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As an old tank driver (see my tank driver’s license above, issued at The U.S. Army Armor School in 1966), I took more than a passing interest in reading “Killing Patton,” by Bill O’Reilly and Martin Dugard (Henry Holt, 2014). The clear suggestion of the book is that the most famous U.S. armor general died not innocently in a roadside auto accident in Europe just after the end of WWII, but was secretly assassinated at the order of General Wild Bill Donovan, founder of the OSS, the precursor of the CIA, in league with the Soviet NKVD, precursor to the KGB of today.

Further reading on this long-ignored assassination theory suggests there are logical explanations that counter it, and maintain the official position that Patton’s death was strictly an accident. However, which ever way Patton died, it is clear that he perceived more clearly than most that the ailing Roosevelt was a weak negotiator with the ruthless Stalin, and too readily gave up Soviet control of much of eastern Europe, which remained in the Soviet block for a half century after the war, and changed the course of history. Just before his untimely death, Patton was about to resign from the Army and go public with his concerns about post-war Europe, which would obviously become an embarrassment or worse for the U.S. and British government.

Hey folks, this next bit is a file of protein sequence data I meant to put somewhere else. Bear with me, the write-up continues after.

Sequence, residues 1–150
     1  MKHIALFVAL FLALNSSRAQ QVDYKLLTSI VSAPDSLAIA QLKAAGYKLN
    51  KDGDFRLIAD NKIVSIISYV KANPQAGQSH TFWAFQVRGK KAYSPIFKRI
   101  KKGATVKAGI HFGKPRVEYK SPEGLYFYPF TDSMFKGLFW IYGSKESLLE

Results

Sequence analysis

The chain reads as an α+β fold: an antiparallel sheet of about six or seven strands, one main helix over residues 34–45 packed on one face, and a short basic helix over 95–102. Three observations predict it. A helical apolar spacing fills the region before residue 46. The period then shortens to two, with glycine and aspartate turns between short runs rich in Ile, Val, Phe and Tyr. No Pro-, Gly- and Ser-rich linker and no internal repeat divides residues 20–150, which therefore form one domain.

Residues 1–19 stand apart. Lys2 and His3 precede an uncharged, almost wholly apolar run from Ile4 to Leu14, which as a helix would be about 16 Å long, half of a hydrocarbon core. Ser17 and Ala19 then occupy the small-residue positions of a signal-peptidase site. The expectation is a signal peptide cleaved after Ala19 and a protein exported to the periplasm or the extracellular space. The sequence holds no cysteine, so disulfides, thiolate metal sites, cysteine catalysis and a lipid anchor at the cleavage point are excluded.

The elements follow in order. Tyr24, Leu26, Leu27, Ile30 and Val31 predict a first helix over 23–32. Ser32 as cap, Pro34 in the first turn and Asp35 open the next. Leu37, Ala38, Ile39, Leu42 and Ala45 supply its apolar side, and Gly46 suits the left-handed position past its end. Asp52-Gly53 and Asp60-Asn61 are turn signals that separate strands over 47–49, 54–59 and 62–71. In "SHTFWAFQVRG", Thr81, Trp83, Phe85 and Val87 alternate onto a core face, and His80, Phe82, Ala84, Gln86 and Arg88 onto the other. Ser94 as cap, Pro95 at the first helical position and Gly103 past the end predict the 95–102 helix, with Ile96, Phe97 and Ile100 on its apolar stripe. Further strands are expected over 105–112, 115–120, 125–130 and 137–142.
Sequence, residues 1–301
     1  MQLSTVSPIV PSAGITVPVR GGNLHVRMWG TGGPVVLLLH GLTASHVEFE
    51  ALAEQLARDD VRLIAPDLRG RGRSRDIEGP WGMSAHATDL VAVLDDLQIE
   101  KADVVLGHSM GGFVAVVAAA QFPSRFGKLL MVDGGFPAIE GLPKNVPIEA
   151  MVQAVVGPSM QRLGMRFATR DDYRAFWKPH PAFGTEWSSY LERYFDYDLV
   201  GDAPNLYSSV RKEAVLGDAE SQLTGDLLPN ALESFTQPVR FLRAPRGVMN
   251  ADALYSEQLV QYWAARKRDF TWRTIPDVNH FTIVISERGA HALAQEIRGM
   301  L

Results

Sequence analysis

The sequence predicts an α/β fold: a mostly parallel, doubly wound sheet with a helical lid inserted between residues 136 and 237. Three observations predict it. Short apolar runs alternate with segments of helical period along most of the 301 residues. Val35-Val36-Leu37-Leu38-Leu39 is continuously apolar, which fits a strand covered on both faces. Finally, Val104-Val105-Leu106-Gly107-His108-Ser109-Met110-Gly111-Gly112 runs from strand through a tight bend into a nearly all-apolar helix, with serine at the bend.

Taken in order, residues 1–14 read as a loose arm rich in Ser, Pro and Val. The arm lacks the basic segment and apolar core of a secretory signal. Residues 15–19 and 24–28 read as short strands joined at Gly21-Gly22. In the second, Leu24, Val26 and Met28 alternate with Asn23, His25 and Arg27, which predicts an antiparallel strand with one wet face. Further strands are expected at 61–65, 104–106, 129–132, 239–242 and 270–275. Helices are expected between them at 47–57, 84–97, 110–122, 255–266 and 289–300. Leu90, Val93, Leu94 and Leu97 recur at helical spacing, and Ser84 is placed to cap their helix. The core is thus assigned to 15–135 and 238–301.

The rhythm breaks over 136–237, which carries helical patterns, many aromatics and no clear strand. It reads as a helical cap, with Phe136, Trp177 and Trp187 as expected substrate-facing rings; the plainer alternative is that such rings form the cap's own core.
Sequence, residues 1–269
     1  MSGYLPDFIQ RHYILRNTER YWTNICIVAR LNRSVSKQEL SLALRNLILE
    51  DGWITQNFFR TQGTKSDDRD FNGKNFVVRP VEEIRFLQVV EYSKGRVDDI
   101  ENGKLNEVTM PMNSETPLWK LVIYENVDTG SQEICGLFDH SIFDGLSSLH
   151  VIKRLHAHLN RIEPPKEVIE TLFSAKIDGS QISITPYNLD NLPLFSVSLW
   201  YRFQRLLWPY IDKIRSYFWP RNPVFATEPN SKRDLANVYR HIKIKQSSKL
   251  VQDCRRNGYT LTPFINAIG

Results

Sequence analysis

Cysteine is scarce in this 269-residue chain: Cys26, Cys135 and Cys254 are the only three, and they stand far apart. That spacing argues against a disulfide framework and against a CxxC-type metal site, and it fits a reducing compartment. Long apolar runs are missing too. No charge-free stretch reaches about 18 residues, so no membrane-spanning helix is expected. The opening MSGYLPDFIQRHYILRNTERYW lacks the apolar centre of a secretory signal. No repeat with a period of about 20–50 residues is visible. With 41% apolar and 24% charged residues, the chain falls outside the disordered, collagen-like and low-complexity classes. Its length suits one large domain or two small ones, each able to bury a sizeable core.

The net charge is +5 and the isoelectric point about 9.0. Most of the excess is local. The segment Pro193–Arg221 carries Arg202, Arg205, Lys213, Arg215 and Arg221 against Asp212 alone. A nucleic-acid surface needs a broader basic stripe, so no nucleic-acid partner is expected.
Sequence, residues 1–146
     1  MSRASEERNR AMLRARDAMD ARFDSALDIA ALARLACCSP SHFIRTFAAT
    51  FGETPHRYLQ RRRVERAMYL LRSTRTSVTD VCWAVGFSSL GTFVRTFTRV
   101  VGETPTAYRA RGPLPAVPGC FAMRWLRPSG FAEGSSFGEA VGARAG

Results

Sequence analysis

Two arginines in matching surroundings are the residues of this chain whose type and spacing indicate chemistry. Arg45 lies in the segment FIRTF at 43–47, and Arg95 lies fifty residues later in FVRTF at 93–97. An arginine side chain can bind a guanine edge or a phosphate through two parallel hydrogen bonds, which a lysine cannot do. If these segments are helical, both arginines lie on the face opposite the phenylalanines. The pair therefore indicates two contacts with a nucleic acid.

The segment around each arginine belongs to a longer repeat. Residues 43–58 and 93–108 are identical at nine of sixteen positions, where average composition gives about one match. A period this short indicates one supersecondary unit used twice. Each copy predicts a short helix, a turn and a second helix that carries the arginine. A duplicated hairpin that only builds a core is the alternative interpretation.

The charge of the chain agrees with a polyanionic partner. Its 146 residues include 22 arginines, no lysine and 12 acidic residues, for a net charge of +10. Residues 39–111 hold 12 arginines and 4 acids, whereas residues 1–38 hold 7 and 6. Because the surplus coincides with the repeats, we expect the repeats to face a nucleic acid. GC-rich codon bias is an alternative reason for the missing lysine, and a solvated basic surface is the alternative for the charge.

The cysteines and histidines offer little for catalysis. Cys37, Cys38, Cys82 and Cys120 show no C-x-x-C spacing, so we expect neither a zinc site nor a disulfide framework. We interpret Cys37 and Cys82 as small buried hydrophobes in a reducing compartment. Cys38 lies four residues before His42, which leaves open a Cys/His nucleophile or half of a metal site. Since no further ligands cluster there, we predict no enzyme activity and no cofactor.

That story, of equivocation by the American and British governments in the final days of World War II  and its immediate aftermath, and the resulting long-term costs in terms of lives and global power, is a story that the authors of “Killing Patton,” and now myself, believe is yet to be fully embraced by history. That, and the circumstances of his death, need more light.   .

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